Do you still send Christmas cards? Many people have stopped doing it for a variety of reasons: postage has gotten so expensive; not enough time; too boring a task; too complicated a task to bring to completion.
I have found stacks of partially addressed Christmas cards in many clients’ homes. On one occasional I found unfinished cards in July and I inquired about the possibility of pitching them. After all, it seemed too late to send them for the previous year. When it became apparent that my client really wanted to complete them, but just couldn’t seem to get the task done, I offered to help her do it. Because working together was so successful and sending cards was something my client wanted to keep doing, I also suggested that we schedule a couple of sessions that fall to make sure she got her cards out before Christmas that year.
I’d been doing my own cards for decades, but it wasn’t until I did it with my client that became very clear that part of the problem with card completion is that it’s a task with many steps, many of which are boring, and it’s easy to get stuck on any one of them. To get the task done, we divided up the parts of the process between the two of us. She did the tasks that could only be done by her. I did all the other tasks.
The steps she had did were: get a good photo of her children, order reprints of the photo, write her Christmas letter, copy the letter, print the address labels, buy stamps and sign all the cards. I picked up all the other tasks that anyone could do, like folding the Christmas letter, stamping the envelopes, attaching address labels and return address labels, and putting one Christmas letter in each Christmas card so all my client had to do was add a short note and sign each card.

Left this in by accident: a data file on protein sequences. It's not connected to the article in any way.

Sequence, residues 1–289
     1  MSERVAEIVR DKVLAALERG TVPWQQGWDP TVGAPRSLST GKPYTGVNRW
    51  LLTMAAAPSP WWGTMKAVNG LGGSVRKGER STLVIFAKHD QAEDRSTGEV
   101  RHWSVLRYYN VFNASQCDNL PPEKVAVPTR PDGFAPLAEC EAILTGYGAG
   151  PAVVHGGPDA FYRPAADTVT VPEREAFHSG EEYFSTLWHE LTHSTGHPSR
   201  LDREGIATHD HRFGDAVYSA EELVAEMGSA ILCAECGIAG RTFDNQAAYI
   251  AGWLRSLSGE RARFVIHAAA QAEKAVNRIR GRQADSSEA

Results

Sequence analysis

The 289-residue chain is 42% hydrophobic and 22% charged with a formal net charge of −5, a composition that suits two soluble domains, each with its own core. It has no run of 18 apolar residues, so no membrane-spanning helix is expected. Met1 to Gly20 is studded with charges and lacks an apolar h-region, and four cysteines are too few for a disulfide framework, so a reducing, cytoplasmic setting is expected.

I enjoy sipping tea and listening to Christmas music while I work, and my client appreciates having a deadline for getting her letter done and copied, her labels done, her photo done and copied, her cards purchased, and making sure she has sufficient stamps and return address labels. Setting an appointment with me gives her the incentive to start working on her cards. It’s more difficult to procrastinate doing her cards when she knows I’m coming over to work with her, and she’s paying for my help.
Because our division of labor worked so well the first time, that client regularly schedules time with me every year. She now routinely gets her cards out before Christmas. Because sending cards to family and friends is really important to her, getting them done early in the holiday season is a real weight off her shoulders.
If sending and receiving holiday greetings is important to you, identify someone who would be willing to help you complete that multi-step process. Make doing your cards a social event that is part of your holiday traditions instead of a dreaded chore. It’s a great investment in maintaining important relationships!